Honda’s sort-of CR-X descendant, the hybrid-powered CR-Z, is in the same class in terms of its overall proportions, but it isn’t as powerful as the Veloster nor does it feel as aggressive. Although we thought the CR-Z had plenty going for it when we drove it last year (PRN, April 2011), it seems somewhat vanilla compared to the Veloster, both inside and out.
Whereas the CR-Z struck us as Honda conservative, the Veloster is anything but, with its multitude of windswept creases and lines, sharp angles and interesting styling touches. From the inverted hoodscoop to the angled headlights, belt buckle-sized trunk lid emblem and centre-mounted twin exhaust outlets the Veloster’s look is anything but vanilla.
Inside, the cabin features lots of nice looking soft touch materials, with amenities that included heated leather seats, push button start and a massive panoramic moonroof, among many others.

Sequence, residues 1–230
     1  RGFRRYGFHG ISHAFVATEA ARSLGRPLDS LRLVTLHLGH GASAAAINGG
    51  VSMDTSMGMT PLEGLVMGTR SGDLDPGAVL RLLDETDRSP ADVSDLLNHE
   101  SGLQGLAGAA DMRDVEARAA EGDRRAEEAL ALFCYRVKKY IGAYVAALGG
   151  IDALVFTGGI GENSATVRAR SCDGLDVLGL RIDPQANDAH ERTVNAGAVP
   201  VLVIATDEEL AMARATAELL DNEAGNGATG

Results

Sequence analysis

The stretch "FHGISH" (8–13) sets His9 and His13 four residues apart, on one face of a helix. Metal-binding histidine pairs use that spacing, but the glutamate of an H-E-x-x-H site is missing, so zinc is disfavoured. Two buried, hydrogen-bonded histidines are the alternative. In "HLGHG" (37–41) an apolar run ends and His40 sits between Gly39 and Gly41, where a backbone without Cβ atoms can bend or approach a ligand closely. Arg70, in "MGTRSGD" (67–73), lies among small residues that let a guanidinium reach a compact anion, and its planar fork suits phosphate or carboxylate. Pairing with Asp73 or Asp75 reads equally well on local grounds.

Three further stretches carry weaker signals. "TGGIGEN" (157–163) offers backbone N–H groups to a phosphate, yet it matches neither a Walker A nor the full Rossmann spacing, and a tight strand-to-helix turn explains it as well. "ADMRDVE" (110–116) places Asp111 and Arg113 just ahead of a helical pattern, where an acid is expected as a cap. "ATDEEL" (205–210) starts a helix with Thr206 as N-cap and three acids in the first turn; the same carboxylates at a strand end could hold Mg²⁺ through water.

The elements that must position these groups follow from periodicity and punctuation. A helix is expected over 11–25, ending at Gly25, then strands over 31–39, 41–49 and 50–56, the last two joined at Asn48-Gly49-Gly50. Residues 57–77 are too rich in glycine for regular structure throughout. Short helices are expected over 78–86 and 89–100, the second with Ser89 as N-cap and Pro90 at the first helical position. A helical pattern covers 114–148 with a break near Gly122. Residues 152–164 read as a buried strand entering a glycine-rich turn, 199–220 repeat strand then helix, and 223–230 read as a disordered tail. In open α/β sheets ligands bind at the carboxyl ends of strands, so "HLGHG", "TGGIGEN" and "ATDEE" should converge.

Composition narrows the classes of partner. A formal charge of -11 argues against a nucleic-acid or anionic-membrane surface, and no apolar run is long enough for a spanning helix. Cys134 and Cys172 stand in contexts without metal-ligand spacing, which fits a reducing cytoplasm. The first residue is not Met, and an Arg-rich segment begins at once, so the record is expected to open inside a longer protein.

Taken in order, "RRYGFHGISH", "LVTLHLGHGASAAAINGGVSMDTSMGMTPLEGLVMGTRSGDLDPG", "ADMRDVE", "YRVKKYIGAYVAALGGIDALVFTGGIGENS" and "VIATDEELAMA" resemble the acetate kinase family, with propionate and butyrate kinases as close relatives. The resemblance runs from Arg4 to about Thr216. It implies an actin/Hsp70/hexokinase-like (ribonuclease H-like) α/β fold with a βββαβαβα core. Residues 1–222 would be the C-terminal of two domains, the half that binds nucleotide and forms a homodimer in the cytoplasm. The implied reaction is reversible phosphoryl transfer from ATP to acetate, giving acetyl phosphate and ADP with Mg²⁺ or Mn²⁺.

Finished in a bright royal blue, our tester came equipped with a 6-speed manual transmission (a dual-clutch automatic is also available), 18-inch alloy wheels and some extras like an upgraded stereo with navi and Bluetooth integration thanks to the optional technology package.
Walking up alongside our tester from the rear, we were struck by its athletic stance, which is augmented by the large alloys and sporty centre mounted exhaust.
Maybe it’s just the nature of stubby coupes, but the Veloster looked fast and nimble sitting still and its smiley face grille and angled headlights suggested a playful, aggressive personality.